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Local students learn nursing skills at MultiCare hospitals

Aishah Mohamed, of Kent, right, learns how to set up a delivery table from surgical technician Angela Bernal in a birth center suite at Auburn MultiCare Medial Center during Nurse Camp last week.  - Courtesy photo,  Patrick Hagerty
Aishah Mohamed, of Kent, right, learns how to set up a delivery table from surgical technician Angela Bernal in a birth center suite at Auburn MultiCare Medial Center during Nurse Camp last week.
— image credit: Courtesy photo, Patrick Hagerty

Aishah Mohamed appeared pale and somewhat shaken, watching a baby being born at MultiCare Auburn Medical Center last week.

The career-conscious teen did not understand at first that the intense moment was part of the MultiCare Health System’s Nurse Camp.

This was no training film, she recognized, it was the real deal.

“It was scary, it was freaky,” Mohamed said of her experience in one of the center’s dozen birth center suites. “It was a boy … he was so cute.”

Mohamed, a junior-to-be at Kentwood High School, was one of more than 100 high school students from the South Puget Sound area who got a hands-on look at nursing careers during MultiCare’s five-day camp last week.

At Nurse Camp, students tried out medical devices, performed “Skittlectomies” on mannequins, practiced suturing on pig kidneys and followed professional nurses and other health care professionals in various departments at MultiCare’s five area hospitals, including, for the first time, Auburn Medical Center.

Students joined hospital pros and staff to catch a glimpse and participate in job shadow opportunities in emergency, critical care, labor and delivery, physical therapy and other units and departments.

Mohamed, whose mother is a medical assistant, wanted to take her curiosity about nursing a step further. She applied and won a spot in the highly competitive summer camp after a rigorous application process.

She enjoyed the surgical side of nursing and prepping a table for delivery in a fully-equipped, state-of-the-art labor room with the help of her peer, Angela Bernal, a registered nurse who specializes in labor and delivery.

“I knew I wanted to be in the medical center, but I didn’t know what options I had, so I wanted to explore them,” Mohamed said. “I loved it. It was real interesting.”

Bernal and her colleagues welcome the chance to mentor students in the introductory program.

“It’s awesome, it’s great,” Bernal said as she explained hospital procedures and practices to Mohamed. “It’s an opportunity for them to see what it’s actually like before they get into the field.”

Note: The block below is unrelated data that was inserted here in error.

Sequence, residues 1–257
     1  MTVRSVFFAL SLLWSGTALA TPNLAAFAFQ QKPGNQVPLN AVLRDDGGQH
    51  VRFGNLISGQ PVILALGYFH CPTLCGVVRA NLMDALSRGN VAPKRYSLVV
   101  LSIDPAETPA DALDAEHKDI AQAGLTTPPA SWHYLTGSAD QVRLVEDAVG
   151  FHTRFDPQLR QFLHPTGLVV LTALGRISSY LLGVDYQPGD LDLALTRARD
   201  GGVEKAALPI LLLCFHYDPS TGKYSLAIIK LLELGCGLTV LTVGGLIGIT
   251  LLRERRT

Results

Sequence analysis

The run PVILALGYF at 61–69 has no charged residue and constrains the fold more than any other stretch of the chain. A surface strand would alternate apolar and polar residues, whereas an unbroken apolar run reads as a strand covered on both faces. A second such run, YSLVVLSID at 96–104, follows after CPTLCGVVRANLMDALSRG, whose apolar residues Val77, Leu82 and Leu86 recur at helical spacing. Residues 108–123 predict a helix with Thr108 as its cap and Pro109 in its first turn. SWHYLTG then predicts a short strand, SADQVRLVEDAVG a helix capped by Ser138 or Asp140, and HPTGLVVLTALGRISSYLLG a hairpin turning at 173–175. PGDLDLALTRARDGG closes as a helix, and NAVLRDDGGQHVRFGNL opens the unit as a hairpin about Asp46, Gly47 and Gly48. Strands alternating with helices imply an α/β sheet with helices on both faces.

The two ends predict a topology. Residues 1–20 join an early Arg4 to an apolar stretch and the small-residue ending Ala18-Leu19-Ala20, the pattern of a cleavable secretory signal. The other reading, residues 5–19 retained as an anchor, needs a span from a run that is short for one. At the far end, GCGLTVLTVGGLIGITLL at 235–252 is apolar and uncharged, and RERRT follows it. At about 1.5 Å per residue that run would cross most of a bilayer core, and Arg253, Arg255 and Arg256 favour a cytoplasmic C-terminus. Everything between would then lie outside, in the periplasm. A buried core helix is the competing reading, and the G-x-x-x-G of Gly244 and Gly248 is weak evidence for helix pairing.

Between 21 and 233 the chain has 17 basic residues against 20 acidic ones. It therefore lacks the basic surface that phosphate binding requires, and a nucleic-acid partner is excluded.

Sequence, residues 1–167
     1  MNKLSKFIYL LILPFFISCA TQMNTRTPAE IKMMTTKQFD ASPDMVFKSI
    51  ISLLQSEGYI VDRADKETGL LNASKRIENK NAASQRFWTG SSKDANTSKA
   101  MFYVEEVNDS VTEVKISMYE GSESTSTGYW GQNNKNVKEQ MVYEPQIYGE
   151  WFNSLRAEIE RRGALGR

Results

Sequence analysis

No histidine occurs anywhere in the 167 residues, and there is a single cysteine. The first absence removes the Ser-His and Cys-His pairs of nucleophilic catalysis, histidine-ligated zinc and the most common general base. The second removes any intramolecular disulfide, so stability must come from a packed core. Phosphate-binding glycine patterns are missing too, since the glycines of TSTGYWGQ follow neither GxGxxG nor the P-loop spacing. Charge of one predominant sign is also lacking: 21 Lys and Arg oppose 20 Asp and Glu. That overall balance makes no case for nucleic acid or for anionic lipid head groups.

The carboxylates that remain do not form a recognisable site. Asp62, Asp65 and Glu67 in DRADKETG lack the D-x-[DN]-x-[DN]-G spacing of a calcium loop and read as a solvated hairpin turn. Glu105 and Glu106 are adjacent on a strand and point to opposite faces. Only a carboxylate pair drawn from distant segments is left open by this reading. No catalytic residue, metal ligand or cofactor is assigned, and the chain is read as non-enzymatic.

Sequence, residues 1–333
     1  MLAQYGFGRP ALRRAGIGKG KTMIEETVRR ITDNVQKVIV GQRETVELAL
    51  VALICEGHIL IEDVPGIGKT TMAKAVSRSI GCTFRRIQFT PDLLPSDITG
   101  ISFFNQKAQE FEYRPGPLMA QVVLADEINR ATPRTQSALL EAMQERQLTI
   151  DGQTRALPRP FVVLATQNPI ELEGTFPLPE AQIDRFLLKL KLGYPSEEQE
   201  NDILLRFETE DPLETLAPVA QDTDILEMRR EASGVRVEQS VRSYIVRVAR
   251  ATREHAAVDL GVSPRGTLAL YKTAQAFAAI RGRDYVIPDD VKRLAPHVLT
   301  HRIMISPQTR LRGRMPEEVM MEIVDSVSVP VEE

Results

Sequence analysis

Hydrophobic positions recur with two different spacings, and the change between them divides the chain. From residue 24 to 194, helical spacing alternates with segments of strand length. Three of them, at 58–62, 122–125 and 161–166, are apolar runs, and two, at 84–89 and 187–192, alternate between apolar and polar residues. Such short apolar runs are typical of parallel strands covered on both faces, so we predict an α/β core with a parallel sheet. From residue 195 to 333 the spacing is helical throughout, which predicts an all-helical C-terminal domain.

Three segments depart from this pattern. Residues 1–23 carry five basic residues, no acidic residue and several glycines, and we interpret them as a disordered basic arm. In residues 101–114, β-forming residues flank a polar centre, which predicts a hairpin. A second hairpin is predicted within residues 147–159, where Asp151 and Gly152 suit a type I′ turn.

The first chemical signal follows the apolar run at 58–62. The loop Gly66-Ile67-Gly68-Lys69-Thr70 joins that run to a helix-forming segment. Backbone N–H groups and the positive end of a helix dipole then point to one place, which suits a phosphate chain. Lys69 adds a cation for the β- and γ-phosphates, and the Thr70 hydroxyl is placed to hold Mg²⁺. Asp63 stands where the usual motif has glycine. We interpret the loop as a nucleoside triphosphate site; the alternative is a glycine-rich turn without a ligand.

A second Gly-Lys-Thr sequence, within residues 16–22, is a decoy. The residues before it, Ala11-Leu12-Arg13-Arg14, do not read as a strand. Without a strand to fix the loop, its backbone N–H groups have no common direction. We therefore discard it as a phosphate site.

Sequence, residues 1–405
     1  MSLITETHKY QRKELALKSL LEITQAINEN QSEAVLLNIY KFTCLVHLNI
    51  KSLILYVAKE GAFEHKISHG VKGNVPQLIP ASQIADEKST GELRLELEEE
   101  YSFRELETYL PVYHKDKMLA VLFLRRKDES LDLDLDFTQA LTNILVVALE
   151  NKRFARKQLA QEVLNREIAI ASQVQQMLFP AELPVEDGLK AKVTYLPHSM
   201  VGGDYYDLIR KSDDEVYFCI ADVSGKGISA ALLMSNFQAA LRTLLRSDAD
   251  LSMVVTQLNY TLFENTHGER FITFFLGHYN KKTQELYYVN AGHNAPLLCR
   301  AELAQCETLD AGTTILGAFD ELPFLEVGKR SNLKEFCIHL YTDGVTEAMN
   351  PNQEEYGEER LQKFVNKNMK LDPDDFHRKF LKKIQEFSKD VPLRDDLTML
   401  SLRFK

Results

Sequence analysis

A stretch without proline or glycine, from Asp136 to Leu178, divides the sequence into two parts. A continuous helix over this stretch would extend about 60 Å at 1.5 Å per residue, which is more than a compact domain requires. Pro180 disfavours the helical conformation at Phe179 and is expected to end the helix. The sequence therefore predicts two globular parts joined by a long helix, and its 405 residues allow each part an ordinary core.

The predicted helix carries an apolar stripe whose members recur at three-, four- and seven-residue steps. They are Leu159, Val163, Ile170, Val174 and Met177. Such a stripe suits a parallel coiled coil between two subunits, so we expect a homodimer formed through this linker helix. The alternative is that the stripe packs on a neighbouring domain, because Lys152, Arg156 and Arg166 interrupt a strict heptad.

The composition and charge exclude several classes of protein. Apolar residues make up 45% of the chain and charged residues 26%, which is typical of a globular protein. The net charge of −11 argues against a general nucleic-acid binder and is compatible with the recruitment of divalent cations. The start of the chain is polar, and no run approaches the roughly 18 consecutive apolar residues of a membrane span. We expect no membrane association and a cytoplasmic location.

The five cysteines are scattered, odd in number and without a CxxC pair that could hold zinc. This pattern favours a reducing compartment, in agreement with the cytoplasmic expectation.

RN Ashley Riney was busy showing Rachel Bridges around her wing of the hospital last week. Riney, an Auburn Riverside High School graduate, earned her nursing degree at Washington State University before she landed a job in Auburn.

For Riney, Nurse Camp provides a realistic preview of what the profession is all about.

“I think it’s a great idea. I wished I had known about it when I was in high school,” Riney said. “I love it. … I had a different view of what nursing was before I started a career.”

Riney’s job shadow, Rachel Bridges, soaked it all in.

“I’ve always thought about being a nurse, and I thought this would be a great opportunity to try all the fields of nursing,” said Bridges, a junior-to-be at Covington’s Tahoma High School.

Bridges heard about the camp from her 15-year-old brother, Ian, when he was being treated for leukemia at Mary Bridge Children’s Hospital in Tacoma. Her brother is doing well today, thanks to the good care she got.

“It was very inspiring,” Bridges said of her brother’s situation. “I just want to help people just like the (nurses) were helping my brother.”

Bridges is considering a career in oncology or as a surgical nurse.

Abigail Kornechuk is determined to make medicine her career. The senior-to-be at Auburn Mountainview High School wants to be a doctor. Her mother is a pharmacist, her father a software engineer.

“I want to be a pediatrician, so I figured it would be a good experience to be in the hospital,” Kornechuk said of the camp. “I really like working with kids.”

MultiCare, recognizing the need to encourage a more diverse and well-prepared health care workforce, began its first Nurse Camp in 2003, graduating 30 students. The camp has grown in popularity each year, with an increasing number of young men considering nursing careers, too.

More than 250 MultiCare staff members and volunteers, and more than 20 sponsors from the local community supported the 11th annual camp. MultiCare's four other hospitals ­­— Tacoma General Hospital, Mary Bridge Children's Hospital and Medical Center, Good Samaritan Hospital, and Allenmore Hospital – also participated in the camp.

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PHOTO BELOW: Abigail Kornechuk, of Auburn, right, holds a newborn baby as she talks with registered nurse Liz Howard in the Birth Center at Auburn MultiCare Medical Center last week. Kornechuk was job shadowing Howard at Nurse Camp. courtesy photo, Patrick Hagerty, MultiCare

 

 

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